7. Aid to the oPt: contributing to the two-state solution?
Over the last two years, we have witnessed an intensification of the donors' tendency to adapt aid to the oPt to suit their political agenda. Assistance to the oPt has generally been motivated by donors' political preferences, not by the needs on the field. This has led to the establishment of the TIM that undid a lot of the EU's achievements on the field. If the EU does not address the Palestinian political crisis and reverse the isolation of the Gaza Strip, this might also threaten the implementation of PEGASE.
Today we are seeing the tragic outcome of the donors' refusal to pursue a rights' based approach to development. The EU based its aid on the assumption that it would lead to the creation of a Palestinian state. The premise was that Israel would exercise effective control lawfully and abide by its obligations as an occupying power. When Israel refused to do so, the donors refrained from putting pressure on Israel to dissuade it from pursuing its unlawful policies in the oPt. The acquis communautaire obliges the EU to respect international law, including international humanitarian law, in the conduct of its external relations. The EU wants to be an effective player in an environment of disrespect for basic rules protecting the rights and development perspectives of the Palestinian population.
This is an obvious challenge. The EU can only succeed in it if it consistently respects its own international law obligations and requires Israel not to obstruct a lawful European engagement. In contrast to this rights' based approach to development assistance, we are currently witnessing a disturbing trend in which donors pour in funds into the oPt while conducting relations with Israel in violation of domestic and European law obligations. The EU has demonstrated a harmful level of tacit consent in cooperating with unlawful practices in the past. As the case of the Association Agreement has demonstrated, the EU is tempted to accommodate to Israel's application of bilateral agreements in ways that follow its unlawful national legislation and practice.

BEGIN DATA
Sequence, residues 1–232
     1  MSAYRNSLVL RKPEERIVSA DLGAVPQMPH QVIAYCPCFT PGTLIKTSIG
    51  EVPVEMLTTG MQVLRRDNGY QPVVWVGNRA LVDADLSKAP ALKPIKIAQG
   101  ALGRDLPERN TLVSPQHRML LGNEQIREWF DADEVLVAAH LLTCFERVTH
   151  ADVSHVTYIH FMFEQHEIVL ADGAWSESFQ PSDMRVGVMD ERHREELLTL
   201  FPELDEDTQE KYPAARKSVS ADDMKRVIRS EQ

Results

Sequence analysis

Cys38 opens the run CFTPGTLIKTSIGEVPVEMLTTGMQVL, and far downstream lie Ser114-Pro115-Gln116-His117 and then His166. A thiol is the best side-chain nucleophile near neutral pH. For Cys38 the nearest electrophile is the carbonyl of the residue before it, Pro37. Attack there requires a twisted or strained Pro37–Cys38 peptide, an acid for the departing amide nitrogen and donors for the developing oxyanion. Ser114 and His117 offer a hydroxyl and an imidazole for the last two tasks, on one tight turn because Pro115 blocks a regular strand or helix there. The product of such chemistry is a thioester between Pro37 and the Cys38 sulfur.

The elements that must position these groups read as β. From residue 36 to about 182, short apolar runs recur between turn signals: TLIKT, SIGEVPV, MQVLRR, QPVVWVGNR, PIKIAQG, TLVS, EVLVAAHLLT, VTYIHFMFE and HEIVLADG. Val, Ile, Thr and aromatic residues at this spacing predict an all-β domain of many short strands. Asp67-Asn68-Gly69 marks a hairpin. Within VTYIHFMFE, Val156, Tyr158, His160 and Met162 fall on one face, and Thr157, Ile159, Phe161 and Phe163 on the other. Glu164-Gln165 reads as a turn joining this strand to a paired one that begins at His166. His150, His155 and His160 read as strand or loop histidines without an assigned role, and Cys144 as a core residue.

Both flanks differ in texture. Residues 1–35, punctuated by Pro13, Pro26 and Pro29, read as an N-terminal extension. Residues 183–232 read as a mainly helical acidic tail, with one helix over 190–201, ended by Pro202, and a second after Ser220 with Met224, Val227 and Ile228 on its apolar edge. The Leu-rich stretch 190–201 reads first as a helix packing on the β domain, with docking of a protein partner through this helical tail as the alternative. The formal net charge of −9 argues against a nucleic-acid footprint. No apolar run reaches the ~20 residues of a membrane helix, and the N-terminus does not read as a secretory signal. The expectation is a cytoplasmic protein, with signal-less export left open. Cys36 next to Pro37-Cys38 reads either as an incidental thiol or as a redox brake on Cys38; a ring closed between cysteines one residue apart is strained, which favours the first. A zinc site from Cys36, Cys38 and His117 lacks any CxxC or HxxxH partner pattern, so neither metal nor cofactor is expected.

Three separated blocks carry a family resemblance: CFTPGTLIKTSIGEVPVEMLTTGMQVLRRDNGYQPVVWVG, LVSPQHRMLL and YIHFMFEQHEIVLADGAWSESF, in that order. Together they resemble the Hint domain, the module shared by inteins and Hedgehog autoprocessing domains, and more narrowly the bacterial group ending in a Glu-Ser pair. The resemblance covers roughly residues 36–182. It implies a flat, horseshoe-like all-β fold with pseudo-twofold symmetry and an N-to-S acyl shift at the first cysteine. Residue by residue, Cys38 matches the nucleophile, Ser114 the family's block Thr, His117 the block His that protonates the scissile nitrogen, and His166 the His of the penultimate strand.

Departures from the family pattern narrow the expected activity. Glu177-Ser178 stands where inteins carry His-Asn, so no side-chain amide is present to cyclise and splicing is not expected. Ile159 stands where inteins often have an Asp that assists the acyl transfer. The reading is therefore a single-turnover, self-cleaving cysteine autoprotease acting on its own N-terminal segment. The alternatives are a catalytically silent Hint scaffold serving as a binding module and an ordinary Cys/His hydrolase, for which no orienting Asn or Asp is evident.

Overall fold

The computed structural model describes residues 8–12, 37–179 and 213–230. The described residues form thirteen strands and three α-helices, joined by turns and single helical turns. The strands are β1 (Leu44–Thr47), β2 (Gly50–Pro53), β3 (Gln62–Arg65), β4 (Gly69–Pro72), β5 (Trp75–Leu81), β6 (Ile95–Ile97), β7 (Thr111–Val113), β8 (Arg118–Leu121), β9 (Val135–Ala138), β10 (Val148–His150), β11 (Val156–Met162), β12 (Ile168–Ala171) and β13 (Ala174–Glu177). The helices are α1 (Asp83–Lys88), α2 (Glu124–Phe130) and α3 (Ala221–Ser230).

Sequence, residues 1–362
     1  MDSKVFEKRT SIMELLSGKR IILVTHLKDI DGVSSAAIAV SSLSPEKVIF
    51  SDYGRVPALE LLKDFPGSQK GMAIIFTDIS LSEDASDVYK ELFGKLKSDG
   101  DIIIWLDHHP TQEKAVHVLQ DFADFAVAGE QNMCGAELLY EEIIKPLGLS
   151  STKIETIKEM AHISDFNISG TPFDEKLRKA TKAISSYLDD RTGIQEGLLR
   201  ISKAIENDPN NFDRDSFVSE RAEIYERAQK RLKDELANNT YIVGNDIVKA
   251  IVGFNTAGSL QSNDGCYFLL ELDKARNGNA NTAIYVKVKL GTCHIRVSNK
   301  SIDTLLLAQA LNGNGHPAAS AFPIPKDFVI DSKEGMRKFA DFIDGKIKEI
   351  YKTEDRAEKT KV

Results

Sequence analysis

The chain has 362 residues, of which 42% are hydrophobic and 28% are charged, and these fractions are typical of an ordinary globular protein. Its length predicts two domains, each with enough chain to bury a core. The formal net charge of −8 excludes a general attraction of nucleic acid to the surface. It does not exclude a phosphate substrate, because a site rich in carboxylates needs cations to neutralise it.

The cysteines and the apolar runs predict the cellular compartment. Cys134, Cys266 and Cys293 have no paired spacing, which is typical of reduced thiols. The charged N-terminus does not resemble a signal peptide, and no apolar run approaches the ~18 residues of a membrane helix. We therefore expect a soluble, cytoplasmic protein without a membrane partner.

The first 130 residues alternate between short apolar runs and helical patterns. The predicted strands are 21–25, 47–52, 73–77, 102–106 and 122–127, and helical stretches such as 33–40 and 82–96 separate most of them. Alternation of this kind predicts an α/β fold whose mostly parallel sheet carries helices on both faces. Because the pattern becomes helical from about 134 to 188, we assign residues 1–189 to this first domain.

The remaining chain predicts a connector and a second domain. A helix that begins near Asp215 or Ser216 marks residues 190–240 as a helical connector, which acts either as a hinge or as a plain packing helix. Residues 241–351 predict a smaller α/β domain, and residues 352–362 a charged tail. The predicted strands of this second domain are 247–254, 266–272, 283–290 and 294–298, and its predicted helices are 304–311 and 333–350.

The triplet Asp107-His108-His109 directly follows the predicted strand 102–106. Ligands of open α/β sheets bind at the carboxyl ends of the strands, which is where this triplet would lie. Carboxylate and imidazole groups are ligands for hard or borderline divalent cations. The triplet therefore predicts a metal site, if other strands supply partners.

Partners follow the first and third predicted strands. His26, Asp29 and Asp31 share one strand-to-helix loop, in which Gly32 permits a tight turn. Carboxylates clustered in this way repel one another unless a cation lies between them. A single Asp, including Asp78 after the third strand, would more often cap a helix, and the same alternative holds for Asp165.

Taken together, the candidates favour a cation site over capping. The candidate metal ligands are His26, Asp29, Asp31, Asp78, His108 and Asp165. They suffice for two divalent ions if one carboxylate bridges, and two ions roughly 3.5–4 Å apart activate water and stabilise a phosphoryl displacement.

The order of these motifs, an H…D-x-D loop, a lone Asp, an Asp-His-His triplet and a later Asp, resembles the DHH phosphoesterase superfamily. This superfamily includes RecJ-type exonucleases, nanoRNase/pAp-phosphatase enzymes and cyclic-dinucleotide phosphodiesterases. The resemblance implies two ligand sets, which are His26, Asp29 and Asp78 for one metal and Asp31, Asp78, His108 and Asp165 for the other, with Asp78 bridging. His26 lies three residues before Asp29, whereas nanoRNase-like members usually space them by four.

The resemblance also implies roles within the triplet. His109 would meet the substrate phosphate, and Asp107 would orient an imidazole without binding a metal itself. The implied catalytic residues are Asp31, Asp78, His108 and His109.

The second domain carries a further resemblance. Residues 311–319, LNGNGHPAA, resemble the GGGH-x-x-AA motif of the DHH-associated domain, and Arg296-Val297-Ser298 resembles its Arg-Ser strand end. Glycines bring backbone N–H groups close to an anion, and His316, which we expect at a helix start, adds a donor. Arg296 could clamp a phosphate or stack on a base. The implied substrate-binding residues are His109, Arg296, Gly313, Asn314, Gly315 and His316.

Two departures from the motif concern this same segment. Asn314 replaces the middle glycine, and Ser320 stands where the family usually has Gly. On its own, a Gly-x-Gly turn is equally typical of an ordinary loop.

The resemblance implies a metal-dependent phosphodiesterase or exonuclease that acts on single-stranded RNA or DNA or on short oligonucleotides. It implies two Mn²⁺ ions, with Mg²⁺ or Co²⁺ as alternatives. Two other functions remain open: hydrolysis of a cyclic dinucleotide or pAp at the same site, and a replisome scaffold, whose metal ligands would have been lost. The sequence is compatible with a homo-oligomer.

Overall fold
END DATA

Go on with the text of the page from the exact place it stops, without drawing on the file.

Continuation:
The massive aid effort since the start of the peace process did not create a political horizon. If the international donor community, in which the EU takes the lead, does not succeed in linking its aid effort to a durable political process, we face an open-ended Palestinian aid-dependency. According to the World Bank, without donor assistance, poverty would be 40% higher. A self-reliant Palestinian economy cannot emerge without freedom of movement and a sovereign state. Stability and predictability are needed first and foremost. Therefore funds should be guaranteed independent of the donors' political choices. The TIM has shown that the donor community's involvement has been ambiguous when it cannot reconcile its aid efforts with its policy objectives.
Donors have to acknowledge that systematic and institutionalized violations against basic rules governing occupation cannot go together with development. The EU has to invest in a political strategy that reverses the destructive dynamics on the ground. It must stop the Palestinian economy's tendency to become increasingly dependent on donor aid while Israel continues its illegal policies. The conflict can only be ended when the expansion of settlements, economic stagnation, the humanitarian crisis and weak Palestinian governance are addressed. If the EU's assistance is not linked to a political agreement that ends the occupation, it cannot advance peace.
 Broederlijk Delen and Trocaire.
 WORLD BANK, 'Twenty-Seven Months-Intifada, Closures and Palestinian Economic Crisis', 2003, p. 51.
 On the occasion of 'One year of TIM', the author interviewed several representatives of Palestinian and international NGOs, UN-agencies, civil servants and academics. Seen the sensitivity of criticising the donors' aid efforts and the Palestinian internal crisis, the interviewees are not cited.
 D.SHEARER, F.PICKUP, Dilemmas for aid policy in Lebanon and the occupied Palestinian territories, http://www.odihpn.org/report.asp?id=2871.
 Interview at the Palestinian Ministry of Finance, 29/05/07.
 Interview at Palestinian Central Bureau of Statistics, 30/05/07.
 Interview at the Palestinian Ministry of Planning, 30/05/07.
 Speech by Commissioner External Relations Ferrero Waldner at Annapolis, Institutional Reform and Capacity Building in the oPT , 26/11/2007.
 N. BROWN, What Can Abu Mazin do?, 17/06/2007, www.carnegieendowment.org.
In response to the Supreme Court's Rejection of Petition against Fuel and Electricity Cuts, 30/01/2008 www.gisha.org.
 WORLD BANK, Twenty-Seven Months-Intifada, Closures and Palestinian Economic Crisis, 2003.
 M. KEATINGS, Aid, Diplomacy and Facts on the Ground, 2005.